Wednesday, 22 October 2014

Marathon #4 - TCS Amsterdam Marathon

"Honey, are you ok?"

No, I wasnt.  It was Wednesday morning.  I'd just got out of bed, walked to the bathroom, turned the shower on and while it was taking the few seconds to warm up, I'd turned to look at my face in the mirror and for whatever reason, I decided to give myself a very big stretch.  Ooooh, it felt great.  A little bit more, raise them arms above my head and aaaarrrrgggghhhh, it felt as though someone had stuck a red hot soldering iron into the base of my neck, where the neck meets the shoulder blade.

Within a nanosecond, I was almost screaming in discomfort and my girlfriend Alison came rushing in to see what was wrong.  Putting a brave face on it, I said I'd be ok but my thoughts were already turning to Sunday's marathon.  I'd put a lot of training in, it would be just typical of my luck if something so insignificant would stop me now.

Off I went to work on a cocktail of Ibuprofen and Deep Heat but I was struggling.  Sitting at my desk in the office was torture.  My boss offered me a hot water bottle and it seemed to do the trick for a while, until I realised that if you put in boiling water, you'll end up with first-degree burns.  What a cockwomble.*

Thankfully, within 48 hours and on to Friday morning, the discomfort became less and I got a lot more movement back in my neck, so I was feeling fairly confident that I would be running.

The excitement kicked in at 4pm on Friday when I left my office in Whitechapel and headed to Canary Wharf to meet Alison where we took the short trip on the DLR to City Airport.  A reasonably quick check in, sat down with a drink for half an hour then boarded the plane.  Just over an hour later, we were in Schiphol airport, Amsterdam.  All fairly straightforward, jumped in a taxi from the airport and took about ten minutes to get to our hotel, which was just south of Amsterdam's Vondelpark, which was around the 40km mark on the marathon route so was ideally situated.

First thing I done on the Saturday was go on a very slow leisurely jog down to the start at the Olympic Stadium and to locate the Marathon Expo where we would later go to collect my race number.  The Olympic Stadium was originally built for the summer Olympics in 1928, so its one of them proper old-fashioned stadiums, nothing like those you would see in the Premiership or Football League in England.  I felt reasonably ok, the shoulder felt as best it had done and I headed back to the hotel quitely content and looking forward to the race on Sunday.


1 day to go...
Alison and I headed down to the Expo, collected the race number and had a quick look around.  Now Alison isnt a runner so this was a first for her.  She was taken aback by the scale of the operation involved.  I guess until you come to an Expo, it just doesnt hit you.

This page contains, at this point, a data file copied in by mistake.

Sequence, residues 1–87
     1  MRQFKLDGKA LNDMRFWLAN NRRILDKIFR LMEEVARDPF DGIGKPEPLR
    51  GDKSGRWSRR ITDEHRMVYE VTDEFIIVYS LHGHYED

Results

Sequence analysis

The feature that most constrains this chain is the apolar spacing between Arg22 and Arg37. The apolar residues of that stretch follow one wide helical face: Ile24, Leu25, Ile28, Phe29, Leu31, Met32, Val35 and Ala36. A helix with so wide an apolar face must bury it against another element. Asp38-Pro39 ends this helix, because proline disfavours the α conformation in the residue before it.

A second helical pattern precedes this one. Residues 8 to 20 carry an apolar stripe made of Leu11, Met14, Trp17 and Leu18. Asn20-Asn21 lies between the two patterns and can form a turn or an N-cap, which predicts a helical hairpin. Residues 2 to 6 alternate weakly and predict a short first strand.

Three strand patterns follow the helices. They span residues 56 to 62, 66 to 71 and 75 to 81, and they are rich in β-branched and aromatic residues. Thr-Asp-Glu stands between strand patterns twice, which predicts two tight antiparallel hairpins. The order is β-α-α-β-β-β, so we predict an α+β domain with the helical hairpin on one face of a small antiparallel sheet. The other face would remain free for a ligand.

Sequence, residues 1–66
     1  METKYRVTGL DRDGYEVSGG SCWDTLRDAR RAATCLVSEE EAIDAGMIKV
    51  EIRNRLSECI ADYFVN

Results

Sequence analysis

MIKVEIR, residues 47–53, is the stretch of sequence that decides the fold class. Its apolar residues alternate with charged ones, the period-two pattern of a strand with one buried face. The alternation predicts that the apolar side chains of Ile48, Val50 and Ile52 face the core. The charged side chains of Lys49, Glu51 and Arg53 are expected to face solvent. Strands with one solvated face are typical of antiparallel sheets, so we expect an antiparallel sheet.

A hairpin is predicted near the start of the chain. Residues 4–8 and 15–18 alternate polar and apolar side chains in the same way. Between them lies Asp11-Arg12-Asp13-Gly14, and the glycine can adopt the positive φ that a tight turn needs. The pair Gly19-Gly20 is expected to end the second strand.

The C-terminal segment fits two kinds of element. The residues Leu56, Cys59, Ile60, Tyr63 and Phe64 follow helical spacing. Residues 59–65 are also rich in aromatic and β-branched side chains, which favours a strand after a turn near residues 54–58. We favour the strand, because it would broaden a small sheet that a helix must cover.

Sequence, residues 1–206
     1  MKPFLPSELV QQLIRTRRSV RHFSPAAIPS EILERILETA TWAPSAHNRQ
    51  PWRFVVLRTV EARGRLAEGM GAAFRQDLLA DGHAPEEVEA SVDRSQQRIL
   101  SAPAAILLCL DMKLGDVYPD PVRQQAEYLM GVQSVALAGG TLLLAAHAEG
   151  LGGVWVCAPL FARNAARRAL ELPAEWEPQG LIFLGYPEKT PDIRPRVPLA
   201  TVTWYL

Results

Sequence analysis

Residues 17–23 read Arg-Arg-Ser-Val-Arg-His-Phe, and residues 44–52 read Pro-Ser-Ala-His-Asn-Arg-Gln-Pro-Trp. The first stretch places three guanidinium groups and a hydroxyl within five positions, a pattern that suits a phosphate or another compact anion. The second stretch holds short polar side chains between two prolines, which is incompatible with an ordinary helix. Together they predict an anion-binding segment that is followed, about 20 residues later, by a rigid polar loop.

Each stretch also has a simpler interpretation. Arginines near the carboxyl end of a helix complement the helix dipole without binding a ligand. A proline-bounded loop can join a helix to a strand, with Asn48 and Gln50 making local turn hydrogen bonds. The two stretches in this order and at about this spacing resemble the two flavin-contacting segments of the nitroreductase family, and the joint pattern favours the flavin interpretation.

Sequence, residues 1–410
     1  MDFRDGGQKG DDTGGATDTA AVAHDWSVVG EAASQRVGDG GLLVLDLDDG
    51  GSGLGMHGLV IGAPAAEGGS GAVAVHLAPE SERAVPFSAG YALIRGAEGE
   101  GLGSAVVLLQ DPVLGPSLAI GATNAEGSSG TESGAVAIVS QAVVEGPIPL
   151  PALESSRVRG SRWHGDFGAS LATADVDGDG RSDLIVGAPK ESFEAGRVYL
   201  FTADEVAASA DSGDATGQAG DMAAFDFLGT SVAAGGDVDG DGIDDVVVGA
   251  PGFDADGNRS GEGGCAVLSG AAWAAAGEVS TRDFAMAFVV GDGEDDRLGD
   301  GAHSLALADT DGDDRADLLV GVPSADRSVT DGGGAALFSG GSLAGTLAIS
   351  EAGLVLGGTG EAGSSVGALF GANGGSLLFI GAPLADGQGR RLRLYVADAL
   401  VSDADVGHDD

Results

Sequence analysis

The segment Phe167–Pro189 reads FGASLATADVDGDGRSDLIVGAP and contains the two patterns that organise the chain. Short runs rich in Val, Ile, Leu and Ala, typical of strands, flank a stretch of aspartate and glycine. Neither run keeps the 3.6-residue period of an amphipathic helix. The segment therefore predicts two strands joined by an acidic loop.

Outside the Expo

We didnt hang about too long and made our way outside.  The plan was to go into Amsterdam Central and by pure chance, a tram came along heading for Amsterdam Central Station so we jumped on board and tried to get our bearings.

The main plan of action was to get some pasta somewhere, followed by some window shopping (no, not to be confused with that kind of window shopping in Amsterdam!) then back to the hotel before going out for dinner.

All went to plan.  We found a nice little Italian place and we were served with the biggest plate of pasta you have ever seen.  Then we went shopping.  Before we went, Alison's friend had told her of a shop that sold second-hand vintage designer handbags and she was keen to have a look, so we headed off to "L'Étoile de Saint Honoré" (in Oude Spiegelstraat 1 if any of you ladies are interested!) to take a look.  Thankfully, Alison came out empty handed.  My eyes watered at the price of a second-hand Hermès handbag (you could actually buy a reasonably decent second-hand Ford Fiesta for the same price!)

After a walk through the vintage clothes and antique shops, we made our way back into the town centre.  We took a quick drinks break in the Irish pub (convenient as Spurs just happened to be the early kick off and the second half was just starting) and then done some more shopping before heading back to the hotel.


Near 'Dam Square

We'd found a nice looking restaurant near our hotel in the Museum quarter of the City called Van Dam (no, not a relation to the actor, he was Belgian remember!) and we'd booked a table for 7:30.  The food was fabulous.  Back to the hotel for a reasonably early night and to catch up with X Factor (yes, I kid you not, I'm a big fan).  Thanks to the 1 hour time difference, we were back at the hotel for 9pm, just as X Factor was starting in the UK.


All ready the night before disaster struck...

The plan was to put the feet up, make sure I was well hydrated and get that early night.  Unfortunately, it didnt quite work out like that.  Within ten minutes of laying on the bed, I felt beyond awful.  I felt like I'd been kicked in the stomach.  I was really uncomfortable.  I had to make a run for the bathroom...

The next couple of hours was a complete write off.  Bathroom, back out feeling reasonably better but ten minutes later, I was back in the bathroom again.  Oh well, so much for carb loading.  I had nothing left.  I felt exhausted.  I knew I needed to eat something but I just couldnt.  I needed to make sure the stomach was settled before doing that.

I didnt get much sleep that night.  Its impossible in that condition.  The alarm went off at 6:30am and I jumped out of bed to turn the alarm off as to not wake Alison as well but it seemed as though she was as worried as I was and had been awake most of the night.  I felt sick but I forced myself to eat some porridge.  It wasnt going down well.  I felt so rough I was almost gagging on it.  It was turning my stomach.